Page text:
The Tudor Society
The Tudor Society

Reformation 500 – The 500th anniversary of the Reformation

Today, 31st October 2017, is the 500th anniversary of the beginning of the Protestant Reformation. German Reformer Philipp Melancthon recorded that "Luther, burning with passion and just devoutness, posted the Ninety-Five Theses at the Castle Church in Wittenberg, Germany at All Saints Eve, October 31", and Luther sent a copy of The Ninety-Five Theses (proper title: Disputation of Martin Luther on the Power and Efficacy of Indulgences) to Albert, Archbishop of Mainz, and the Bishop of Brandenburg along with a letter protesting against the sale of indulgences.

Martin Luther's 95 Theses had a major impact. The resulting controversy over Luther's letter and his Theses is seen as the beginning of the Reformation, the schism from the Catholic Church and the start of Protestantism.

To celebrate this anniversary, here are links to resources on the Reformation:

Today is also Halloween, or All Hallows Eve. Click here to read more about this feast day and for my video on soul cakes.

Only 1 comment so far Go To Comment

  1. RealTudorLady /

    No, the 95 Thesis did not spark the Reformation. Luther only wanted a debate on the theology and abuses and to talk about ending the abuse, not start either a movement or even end indulgences. The original intention of an indulgence to help people with the Sacrament of Confession and Penance as long as they repented truly and to renew their faith, he had no problems with. He didn’t even publish them on the Church door. He wrote them and placed them in a letter and then wrote tracts on them. It was the disputations and debates which made them widely known. It was also the Diet of Worms (Vorms) and then his translation of the New Testament which transformed Luther and his theological ideas into a movement. He was thrown out of the Catholic Church, he became abusive in his writing, he fought with more violent forces and then his new Church was born at Ausberg in 1530. His many writings and evangelical zeal made Luther famous and his ideas were taken over by people such as Thomas Muntzer who saw the New Jerusalem in them. It was the tragedy of the true Protestants, in the Peasants War in 1525 which led to this man being killed and 25,000 or so others as well. Luther wrote against this new world that the ordinary people were encouraged to demand and he denounced Muntzer. These people were Protestants. Luther also hated anyone destroying the Church decorations or images. He still saw them as an aid to understand the Bible. It is good we have these special commemoration events of 500 years as it is a big historic moment! However, is not so much an event as a beginning of an evolutionary theory which turned, possibly unintentionally into a revolution. It has also to be remembered that many brutal things happened because of the Reformation and that regardless of Martin Luther, the Church underwent its own reform on a number of occasions.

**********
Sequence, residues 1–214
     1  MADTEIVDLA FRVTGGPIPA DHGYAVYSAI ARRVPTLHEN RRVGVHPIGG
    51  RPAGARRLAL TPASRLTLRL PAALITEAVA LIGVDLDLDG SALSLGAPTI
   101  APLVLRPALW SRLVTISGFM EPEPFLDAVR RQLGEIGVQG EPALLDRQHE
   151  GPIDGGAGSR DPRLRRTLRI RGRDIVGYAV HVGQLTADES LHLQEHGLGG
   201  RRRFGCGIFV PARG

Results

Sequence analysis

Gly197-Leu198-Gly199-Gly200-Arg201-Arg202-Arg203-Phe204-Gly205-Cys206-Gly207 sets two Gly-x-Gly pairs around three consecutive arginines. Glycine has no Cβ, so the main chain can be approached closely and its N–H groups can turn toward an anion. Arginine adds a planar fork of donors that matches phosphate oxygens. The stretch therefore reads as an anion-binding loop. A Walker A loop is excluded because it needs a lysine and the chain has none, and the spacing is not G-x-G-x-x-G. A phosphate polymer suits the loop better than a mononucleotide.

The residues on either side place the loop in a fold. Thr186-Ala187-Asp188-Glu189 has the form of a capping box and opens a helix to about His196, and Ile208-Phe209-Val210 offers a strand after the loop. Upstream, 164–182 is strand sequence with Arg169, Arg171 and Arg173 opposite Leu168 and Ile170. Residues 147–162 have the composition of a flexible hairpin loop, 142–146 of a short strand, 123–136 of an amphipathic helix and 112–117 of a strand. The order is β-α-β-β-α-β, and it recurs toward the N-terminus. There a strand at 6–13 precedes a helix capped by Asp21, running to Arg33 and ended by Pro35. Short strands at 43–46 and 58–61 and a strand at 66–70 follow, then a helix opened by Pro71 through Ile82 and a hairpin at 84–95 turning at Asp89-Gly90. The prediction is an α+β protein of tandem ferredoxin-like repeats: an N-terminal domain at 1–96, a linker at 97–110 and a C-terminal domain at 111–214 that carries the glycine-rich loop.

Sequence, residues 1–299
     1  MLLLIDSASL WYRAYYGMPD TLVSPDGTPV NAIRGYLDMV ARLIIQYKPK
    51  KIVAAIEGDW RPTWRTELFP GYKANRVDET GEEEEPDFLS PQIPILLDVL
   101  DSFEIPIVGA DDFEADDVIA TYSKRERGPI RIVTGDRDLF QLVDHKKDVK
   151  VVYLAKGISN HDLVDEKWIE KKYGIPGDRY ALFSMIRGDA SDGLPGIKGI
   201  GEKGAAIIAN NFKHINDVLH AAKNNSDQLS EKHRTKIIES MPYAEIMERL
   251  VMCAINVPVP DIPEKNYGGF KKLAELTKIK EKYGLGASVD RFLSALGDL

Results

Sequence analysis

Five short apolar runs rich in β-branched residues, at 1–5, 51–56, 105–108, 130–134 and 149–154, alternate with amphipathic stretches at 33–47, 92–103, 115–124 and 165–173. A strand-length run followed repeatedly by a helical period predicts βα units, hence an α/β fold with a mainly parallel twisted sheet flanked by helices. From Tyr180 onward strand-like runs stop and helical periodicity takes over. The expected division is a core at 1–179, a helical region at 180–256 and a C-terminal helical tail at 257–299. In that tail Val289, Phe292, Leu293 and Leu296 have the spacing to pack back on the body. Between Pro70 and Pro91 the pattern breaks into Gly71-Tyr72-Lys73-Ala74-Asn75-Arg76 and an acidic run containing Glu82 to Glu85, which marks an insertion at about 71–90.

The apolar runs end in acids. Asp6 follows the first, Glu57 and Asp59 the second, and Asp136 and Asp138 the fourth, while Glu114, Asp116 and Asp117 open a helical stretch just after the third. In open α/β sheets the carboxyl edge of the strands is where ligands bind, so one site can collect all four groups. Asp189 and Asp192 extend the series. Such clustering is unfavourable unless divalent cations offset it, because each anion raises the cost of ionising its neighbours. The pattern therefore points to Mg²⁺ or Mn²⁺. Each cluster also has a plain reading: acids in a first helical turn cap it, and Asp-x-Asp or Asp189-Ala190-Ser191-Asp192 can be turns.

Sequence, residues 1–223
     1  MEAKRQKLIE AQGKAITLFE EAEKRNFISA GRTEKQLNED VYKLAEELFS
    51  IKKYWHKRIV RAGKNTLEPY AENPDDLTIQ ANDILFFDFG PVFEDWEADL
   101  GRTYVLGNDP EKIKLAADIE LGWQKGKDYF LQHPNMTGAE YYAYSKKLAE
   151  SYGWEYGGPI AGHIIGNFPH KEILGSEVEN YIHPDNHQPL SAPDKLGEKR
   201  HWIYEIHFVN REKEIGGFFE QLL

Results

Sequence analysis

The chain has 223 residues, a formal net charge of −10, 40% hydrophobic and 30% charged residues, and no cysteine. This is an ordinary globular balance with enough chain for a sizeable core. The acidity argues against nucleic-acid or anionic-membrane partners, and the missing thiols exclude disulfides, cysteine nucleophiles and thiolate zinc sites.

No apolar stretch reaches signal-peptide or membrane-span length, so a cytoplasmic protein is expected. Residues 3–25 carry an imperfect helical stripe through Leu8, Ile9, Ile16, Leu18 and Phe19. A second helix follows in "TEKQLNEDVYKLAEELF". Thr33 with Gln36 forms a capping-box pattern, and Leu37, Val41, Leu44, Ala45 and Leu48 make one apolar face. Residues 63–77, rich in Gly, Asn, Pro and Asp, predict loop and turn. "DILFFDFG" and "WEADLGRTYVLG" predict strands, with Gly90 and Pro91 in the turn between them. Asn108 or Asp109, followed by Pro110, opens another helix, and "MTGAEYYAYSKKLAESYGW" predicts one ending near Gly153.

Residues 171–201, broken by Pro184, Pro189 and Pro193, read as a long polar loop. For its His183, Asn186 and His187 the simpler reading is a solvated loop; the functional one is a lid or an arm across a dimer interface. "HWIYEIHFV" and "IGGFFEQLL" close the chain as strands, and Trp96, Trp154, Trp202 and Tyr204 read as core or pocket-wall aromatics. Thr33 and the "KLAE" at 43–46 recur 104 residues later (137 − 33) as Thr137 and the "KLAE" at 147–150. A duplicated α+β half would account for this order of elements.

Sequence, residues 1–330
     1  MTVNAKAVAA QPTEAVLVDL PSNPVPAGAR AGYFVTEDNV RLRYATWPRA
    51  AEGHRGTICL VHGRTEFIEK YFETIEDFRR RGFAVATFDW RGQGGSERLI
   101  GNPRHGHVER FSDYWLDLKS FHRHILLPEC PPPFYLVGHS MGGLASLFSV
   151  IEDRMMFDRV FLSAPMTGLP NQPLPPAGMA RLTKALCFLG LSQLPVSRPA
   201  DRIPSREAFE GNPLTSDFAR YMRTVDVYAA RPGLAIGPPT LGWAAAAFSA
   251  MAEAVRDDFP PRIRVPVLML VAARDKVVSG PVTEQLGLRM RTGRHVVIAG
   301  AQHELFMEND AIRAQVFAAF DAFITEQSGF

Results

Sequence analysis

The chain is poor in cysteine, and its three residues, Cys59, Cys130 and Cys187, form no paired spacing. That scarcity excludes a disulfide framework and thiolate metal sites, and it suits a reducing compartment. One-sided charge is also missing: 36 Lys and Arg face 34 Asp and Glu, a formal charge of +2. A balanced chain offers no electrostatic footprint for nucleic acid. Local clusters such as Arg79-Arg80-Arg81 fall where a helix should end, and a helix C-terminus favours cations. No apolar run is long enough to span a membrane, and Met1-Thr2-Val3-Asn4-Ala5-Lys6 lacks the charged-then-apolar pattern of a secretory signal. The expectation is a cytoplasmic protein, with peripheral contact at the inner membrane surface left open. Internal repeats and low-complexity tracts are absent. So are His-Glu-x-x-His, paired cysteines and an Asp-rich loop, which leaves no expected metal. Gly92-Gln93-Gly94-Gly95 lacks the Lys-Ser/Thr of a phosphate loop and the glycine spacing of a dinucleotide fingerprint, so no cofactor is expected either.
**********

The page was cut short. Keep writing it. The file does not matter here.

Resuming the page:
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Reformation 500 – The 500th anniversary of the Reformation

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